One January day about thirteen years ago, I stepped on the scales in my bathroom, and I did not like the feedback I received. I was at the highest weight I had ever been in my life. My clothes were starting to get a bit tight, and I was feeling uncomfortable in them.
That day, I resolved to lose weight. I do not remember the exact timeline, but I do remember that before the week was over, I had written a goal weight, developed a weight loss plan, and started implementing it. Over the next few months, I got back to a weight that was both comfortable and healthy.
I managed to maintain the exercise and diet regimen that lead to that weight loss for awhile, and then I started to lose focus on my personal fitness. I was still sort of paying attention. I went through periods of being careful with my exercise and diet, but I did not consistently focus on achieving anything in that area of my life. I was coasting.
Again in January about three years ago, I stepped on the scales and realized that my weight had crept to three pounds over the weight that drove me to action ten years earler. I made a mental note of it, and made some effort to exercise more and to eat better more consistently. In mid-October of that year, I had lost a grand total of three pounds.
Then, I set a new goal. As soon as I set the goal, I created a plan and started following the plan. I once again found the discipline and focus I had shown in this area of my life ten years before.
In eight months of “thinking about losing weight,” I had lost three whopping pounds. In late November, four weeks after setting a definite goal, I lost 10 pounds, and, within a few months after that, I lost a total of 35 pounds to get back to my goal weight. With a definite goal in mind, in a little more than ten percent of the time I spent “thinking about it,” I achieved over three times the results. Finally, with a specific goal and achievement plan in place, I achieved over ten times the results in four months that I had achieved in the previous eight months.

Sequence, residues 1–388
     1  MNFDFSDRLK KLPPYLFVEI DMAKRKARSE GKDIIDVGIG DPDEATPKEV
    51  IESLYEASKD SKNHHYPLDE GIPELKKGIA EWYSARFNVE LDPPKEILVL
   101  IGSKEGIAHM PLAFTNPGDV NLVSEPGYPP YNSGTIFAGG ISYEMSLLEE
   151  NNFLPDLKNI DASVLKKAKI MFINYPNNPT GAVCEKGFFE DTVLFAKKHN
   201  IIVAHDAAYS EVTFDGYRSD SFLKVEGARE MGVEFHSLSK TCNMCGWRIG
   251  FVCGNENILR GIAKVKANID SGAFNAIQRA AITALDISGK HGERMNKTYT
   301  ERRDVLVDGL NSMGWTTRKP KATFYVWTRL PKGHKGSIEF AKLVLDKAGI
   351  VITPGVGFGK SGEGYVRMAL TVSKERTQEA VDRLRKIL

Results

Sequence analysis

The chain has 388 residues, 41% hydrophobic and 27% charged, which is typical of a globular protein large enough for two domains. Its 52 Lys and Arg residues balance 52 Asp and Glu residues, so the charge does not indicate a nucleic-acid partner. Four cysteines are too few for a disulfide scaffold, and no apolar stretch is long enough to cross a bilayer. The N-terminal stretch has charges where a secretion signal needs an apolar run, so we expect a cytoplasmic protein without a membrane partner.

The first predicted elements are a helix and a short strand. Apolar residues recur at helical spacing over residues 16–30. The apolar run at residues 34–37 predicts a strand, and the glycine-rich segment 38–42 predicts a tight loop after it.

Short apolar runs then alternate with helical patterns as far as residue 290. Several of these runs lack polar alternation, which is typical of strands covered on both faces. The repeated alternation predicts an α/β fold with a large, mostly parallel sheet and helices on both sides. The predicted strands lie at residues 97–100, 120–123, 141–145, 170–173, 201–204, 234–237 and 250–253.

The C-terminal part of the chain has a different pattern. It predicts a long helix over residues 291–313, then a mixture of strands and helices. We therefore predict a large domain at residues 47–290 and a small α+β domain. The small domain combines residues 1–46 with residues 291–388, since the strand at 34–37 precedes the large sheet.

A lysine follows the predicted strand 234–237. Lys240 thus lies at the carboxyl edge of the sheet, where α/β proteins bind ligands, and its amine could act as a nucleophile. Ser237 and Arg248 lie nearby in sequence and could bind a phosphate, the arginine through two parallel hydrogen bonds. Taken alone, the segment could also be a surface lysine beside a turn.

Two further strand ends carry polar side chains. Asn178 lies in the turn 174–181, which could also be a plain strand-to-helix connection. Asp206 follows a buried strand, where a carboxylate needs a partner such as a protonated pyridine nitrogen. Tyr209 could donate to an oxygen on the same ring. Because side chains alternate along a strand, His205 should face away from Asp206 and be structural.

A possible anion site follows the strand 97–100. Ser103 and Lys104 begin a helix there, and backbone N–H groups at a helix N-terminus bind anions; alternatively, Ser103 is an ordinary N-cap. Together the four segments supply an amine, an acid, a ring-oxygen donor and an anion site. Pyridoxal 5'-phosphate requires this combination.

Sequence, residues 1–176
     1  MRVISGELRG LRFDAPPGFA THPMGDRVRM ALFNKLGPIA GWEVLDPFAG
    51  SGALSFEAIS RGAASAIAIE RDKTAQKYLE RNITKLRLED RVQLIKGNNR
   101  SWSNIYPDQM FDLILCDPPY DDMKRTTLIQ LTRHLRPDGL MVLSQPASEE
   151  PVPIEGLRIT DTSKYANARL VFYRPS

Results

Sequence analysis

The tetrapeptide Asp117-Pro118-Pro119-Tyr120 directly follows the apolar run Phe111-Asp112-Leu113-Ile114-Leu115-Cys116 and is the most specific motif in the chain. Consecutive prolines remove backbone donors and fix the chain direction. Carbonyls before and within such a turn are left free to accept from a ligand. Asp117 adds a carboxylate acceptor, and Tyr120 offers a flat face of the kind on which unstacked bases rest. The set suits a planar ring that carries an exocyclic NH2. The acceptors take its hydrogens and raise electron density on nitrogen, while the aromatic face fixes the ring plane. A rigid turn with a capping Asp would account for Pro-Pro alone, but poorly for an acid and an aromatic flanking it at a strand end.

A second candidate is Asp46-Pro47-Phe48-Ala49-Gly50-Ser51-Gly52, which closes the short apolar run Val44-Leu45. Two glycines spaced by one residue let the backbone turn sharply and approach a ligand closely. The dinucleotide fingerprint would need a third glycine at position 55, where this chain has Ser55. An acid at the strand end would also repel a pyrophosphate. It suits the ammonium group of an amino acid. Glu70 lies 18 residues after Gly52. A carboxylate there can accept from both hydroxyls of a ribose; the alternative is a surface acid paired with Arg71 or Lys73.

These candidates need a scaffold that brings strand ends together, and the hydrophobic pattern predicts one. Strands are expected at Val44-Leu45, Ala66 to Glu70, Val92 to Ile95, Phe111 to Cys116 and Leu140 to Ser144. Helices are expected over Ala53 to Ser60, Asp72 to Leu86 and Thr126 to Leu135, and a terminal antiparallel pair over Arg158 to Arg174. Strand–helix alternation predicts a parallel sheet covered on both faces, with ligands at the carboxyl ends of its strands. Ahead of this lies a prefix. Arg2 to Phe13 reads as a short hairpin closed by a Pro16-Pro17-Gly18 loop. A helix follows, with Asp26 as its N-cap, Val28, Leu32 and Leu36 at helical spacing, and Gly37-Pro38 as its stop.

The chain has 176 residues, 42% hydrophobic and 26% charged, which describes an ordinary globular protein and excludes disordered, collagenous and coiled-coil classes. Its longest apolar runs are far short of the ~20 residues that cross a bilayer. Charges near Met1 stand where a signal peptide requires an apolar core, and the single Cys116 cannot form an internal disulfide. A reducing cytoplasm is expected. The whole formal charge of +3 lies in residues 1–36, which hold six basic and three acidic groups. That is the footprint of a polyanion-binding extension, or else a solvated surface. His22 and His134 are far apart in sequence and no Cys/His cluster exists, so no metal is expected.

Here are the leadership lessons from my experience:
- Thinking about doing something is not the same as setting a definite goal. You must set a specific goal for what you hope to do or the results you hope to achieve. Otherwise, you will coast along and “think about it” a great deal without taking consistent, focused action towards it.
- You have to share your goal with someone you trust. Very few of us are good at holding ourselves accountable, and accountability is a key ingredient of goal achievement. My wife also set a weight loss goal at that time. I knew her goal, and she knew mine. We helped each other, and we held each other accountable.
- You have to keep the goal in front of you. If you do not see it frequently, you will forget about it. I had my weight loss goal written in a place where I saw it every day.
- You have to track your progress – frequently. The specific time frame depends on how long it takes to see measurable progress, and the key concept is that you have to track it. If you do not track progress, you probably will not make any. In the case of losing weight, I logged my weight every week. Yes, I kept a running log of my weight each week.
- You have to take daily, specific actions. You have to take specific actions every day towards goal achievement. I had a daily eating plan to make sure I got a balanced diet and stayed on track with my weight loss goal.
Your Now Step: Almost everyone has something they have you been “thinking about doing” for some time. What is it for you? Before the week is out, take 30 minutes to find a way to reduce it to a specific, written goal. Within 24 hours of writing it down, find someone to share the goal with, develop an action plan, and start taking daily actions towards that goal.